As part of our 20th anniversary celebration, our team at Design Integrity will be sharing some of the more interesting, humorous, challenging, and rewarding stories from our 20 years in business. This first post is Part 1 in a series about the development of the Ray Charles animatronic figure back in 2002.
Music legends like Ray Charles gained international fame and notoriety due to their amazing talent and artistic genius, and they reaped the rewards of their success including enough money to buy and do just about anything that they wanted in life. As Ray and James Brown were hanging out back around 2001, though, James was bragging to Ray about something that he had that Ray did not – a singing animatronic doll that looked like James, sang one of his songs (“I Feel Good”), and danced like him (well, not so much but good enough for a toy).
From our understanding of their conversation, James was ribbing Ray quite thoroughly. Soon thereafter, Ray approached his manager, Robert Pineda of Ray Charles Enterprises, and asked him to look into getting a similar doll designed and made for him. Robert reached out to a merchandising firm in Chicago that had helped him to develop promotional products in the past. In late 2001, the merchandising firm laid out the plan for the project and searched for a firm in Chicago that could design the doll and potentially help to find a manufacturer.
Around that time, the tragic events of September 11th shook the US with a wide range of emotions from anger, fear, sadness, and the urge to seek revenge to hope, courage, the appreciation of life, and a search for meaning. During the aftermath, one of the songs that was played frequently around the country was “God Bless America”. Another was “America the Beautiful”, including Ray Charles’ amazing rendition.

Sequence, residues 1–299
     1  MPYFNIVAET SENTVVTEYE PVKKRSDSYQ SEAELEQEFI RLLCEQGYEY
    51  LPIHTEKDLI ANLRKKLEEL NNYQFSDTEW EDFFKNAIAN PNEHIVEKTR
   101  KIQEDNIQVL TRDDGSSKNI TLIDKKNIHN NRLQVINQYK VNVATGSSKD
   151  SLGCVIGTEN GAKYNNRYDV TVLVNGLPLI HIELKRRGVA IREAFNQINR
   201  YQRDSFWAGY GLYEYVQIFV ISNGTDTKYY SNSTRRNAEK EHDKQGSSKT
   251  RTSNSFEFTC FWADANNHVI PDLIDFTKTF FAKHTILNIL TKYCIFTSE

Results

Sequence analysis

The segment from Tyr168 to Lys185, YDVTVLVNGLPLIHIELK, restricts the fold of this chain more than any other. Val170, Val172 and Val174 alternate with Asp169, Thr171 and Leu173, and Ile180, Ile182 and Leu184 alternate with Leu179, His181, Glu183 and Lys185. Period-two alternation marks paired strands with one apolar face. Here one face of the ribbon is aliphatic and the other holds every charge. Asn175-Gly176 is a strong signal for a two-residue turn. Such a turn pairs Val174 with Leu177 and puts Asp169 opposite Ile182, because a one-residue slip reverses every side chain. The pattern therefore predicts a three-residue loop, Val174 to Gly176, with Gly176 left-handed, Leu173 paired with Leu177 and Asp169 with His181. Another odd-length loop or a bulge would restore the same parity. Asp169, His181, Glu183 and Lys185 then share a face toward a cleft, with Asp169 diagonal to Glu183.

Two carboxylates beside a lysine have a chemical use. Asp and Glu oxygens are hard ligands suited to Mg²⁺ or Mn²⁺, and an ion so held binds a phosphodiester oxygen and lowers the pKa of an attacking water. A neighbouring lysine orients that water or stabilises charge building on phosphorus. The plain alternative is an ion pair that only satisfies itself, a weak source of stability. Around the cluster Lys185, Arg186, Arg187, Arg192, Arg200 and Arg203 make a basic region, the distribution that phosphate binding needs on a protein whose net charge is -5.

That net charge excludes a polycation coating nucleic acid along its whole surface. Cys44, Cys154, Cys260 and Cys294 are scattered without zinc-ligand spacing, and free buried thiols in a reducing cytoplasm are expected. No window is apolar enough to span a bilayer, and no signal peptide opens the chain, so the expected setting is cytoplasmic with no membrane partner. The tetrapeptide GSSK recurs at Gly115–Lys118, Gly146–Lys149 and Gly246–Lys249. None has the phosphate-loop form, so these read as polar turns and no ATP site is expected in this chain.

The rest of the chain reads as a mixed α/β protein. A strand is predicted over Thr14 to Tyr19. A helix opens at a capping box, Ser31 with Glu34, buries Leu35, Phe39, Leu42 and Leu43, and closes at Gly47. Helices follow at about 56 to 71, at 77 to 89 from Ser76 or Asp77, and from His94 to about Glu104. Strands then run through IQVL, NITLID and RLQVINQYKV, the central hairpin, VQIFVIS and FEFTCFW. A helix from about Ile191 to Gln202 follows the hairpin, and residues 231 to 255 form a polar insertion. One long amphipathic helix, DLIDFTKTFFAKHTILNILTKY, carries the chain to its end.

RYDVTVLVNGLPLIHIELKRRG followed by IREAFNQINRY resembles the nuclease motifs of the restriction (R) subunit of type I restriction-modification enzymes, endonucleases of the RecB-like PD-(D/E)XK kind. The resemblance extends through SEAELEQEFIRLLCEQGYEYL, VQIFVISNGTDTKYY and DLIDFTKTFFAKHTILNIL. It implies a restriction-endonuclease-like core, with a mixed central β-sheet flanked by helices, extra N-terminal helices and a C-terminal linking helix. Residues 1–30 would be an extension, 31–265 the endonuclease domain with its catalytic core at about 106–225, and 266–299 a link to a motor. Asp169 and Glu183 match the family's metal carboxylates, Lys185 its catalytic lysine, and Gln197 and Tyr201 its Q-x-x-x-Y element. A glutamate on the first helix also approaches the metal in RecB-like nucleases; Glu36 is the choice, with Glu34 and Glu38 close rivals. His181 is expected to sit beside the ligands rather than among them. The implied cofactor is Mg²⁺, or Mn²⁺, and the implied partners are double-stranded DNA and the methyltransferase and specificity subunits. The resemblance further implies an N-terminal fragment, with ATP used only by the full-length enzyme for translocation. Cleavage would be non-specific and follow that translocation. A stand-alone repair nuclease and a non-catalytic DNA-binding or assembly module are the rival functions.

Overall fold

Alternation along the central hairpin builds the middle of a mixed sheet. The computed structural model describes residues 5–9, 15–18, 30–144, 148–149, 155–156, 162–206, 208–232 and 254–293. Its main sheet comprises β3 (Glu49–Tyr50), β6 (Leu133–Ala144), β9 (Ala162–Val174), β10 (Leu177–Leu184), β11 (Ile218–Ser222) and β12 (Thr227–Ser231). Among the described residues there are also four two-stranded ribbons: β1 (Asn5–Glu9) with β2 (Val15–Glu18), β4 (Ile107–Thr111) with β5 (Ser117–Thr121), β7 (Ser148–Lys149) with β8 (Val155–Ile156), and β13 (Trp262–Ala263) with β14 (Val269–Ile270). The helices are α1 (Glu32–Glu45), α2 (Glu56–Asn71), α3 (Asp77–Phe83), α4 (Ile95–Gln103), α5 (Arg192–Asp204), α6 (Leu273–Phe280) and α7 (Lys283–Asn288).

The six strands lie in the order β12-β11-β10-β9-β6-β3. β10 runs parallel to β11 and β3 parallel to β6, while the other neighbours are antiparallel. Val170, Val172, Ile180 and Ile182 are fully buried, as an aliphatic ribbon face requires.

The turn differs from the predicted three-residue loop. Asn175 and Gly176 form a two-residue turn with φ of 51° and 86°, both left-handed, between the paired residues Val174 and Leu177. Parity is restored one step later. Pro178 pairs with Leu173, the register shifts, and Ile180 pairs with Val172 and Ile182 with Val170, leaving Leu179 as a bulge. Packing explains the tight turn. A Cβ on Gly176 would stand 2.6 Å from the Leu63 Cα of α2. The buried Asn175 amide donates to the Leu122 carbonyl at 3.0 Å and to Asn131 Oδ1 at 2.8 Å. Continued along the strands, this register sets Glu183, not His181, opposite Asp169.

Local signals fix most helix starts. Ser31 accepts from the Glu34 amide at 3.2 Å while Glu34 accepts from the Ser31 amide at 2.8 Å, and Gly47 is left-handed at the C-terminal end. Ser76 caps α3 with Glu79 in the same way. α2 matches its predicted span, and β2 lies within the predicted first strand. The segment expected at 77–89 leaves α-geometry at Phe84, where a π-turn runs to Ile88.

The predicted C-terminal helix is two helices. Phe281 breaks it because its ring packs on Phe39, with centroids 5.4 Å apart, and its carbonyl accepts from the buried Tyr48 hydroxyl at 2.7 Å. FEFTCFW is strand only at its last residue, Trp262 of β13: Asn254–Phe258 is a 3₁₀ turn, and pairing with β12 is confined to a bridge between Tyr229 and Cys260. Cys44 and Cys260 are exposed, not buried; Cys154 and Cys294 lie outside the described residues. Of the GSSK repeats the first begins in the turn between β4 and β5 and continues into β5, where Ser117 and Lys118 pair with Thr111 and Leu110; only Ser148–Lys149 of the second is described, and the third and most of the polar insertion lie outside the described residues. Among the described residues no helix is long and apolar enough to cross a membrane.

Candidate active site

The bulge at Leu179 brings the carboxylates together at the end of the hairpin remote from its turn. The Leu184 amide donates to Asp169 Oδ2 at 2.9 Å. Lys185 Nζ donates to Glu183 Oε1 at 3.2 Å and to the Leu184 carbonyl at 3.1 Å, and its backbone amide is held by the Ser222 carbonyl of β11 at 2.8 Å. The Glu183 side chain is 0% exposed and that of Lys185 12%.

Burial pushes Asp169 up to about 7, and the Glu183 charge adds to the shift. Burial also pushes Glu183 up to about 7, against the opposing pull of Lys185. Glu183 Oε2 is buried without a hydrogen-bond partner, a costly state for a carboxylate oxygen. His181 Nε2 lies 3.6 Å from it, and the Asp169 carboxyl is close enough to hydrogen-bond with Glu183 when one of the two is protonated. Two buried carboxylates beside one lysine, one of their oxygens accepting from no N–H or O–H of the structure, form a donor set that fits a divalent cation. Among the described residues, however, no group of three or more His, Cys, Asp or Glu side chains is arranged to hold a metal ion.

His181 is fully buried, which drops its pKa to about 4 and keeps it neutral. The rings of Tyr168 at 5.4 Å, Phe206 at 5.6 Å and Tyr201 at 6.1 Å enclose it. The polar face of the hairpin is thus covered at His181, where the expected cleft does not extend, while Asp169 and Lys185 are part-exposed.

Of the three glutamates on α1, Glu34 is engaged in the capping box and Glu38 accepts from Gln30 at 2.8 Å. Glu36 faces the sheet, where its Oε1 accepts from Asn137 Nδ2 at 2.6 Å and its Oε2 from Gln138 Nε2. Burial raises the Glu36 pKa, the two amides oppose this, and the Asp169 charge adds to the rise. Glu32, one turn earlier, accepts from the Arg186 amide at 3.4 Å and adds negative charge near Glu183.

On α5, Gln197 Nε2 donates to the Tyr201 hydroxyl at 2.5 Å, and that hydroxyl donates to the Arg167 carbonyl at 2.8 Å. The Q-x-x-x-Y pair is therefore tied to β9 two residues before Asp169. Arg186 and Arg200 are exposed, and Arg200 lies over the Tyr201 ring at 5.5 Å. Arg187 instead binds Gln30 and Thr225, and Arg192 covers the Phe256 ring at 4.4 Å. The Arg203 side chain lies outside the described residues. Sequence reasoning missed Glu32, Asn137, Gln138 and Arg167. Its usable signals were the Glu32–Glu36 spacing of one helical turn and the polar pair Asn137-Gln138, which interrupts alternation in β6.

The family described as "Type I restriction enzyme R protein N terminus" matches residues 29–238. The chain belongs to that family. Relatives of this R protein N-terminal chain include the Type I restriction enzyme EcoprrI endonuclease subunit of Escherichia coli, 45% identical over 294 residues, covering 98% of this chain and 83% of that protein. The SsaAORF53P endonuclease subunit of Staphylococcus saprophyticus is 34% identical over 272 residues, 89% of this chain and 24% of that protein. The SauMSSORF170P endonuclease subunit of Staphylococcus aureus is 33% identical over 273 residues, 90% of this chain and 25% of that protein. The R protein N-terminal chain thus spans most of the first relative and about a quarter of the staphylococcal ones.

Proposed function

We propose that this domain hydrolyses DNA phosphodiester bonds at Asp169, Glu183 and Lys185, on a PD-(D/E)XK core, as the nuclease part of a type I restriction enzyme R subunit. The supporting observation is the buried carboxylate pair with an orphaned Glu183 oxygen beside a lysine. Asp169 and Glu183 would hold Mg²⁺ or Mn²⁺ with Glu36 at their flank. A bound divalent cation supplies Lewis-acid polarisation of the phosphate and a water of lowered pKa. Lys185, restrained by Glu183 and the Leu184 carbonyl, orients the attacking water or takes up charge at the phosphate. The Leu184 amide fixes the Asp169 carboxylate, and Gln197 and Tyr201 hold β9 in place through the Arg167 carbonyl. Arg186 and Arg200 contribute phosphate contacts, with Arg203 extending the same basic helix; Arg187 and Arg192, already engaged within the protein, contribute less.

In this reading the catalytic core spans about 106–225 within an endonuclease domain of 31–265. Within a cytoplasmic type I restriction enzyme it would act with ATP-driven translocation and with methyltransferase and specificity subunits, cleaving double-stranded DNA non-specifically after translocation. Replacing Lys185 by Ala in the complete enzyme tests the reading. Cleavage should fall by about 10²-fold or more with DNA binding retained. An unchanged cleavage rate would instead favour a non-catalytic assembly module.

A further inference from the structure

The merchandising firm that was putting the plan for the doll in place felt that Ray’s song “What I’d Say” was the likely choice if only one song could be played by the doll. If the electronics allowed for two songs, “America the Beautiful” would be the second.
Through a recommendation from a business contact in the Chicago area, the merchandising firm found Beyond Design, an industrial design consultancy in the city. The firm reached out to Beyond, saw that they had experience with product design, and began initial negotiations on a contract for the development of the doll.
As the team at Beyond was primarily comprised of industrial designers at that time, Beyond reached out to Design Integrity to assist with the engineering portions of the project. The plan was for Beyond to lead the industrial design effort and for Design Integrity to handle the mechatronics (the moving mechanisms including the motors, sensors, and controls). Design Integrity had previously worked with Andrew Pines’ electrical design consulting firm in Chicago, Cosmodog, Ltd., which had a proven track record of designing the electronics for successful toys including the Furby line and Buzz Lightyear.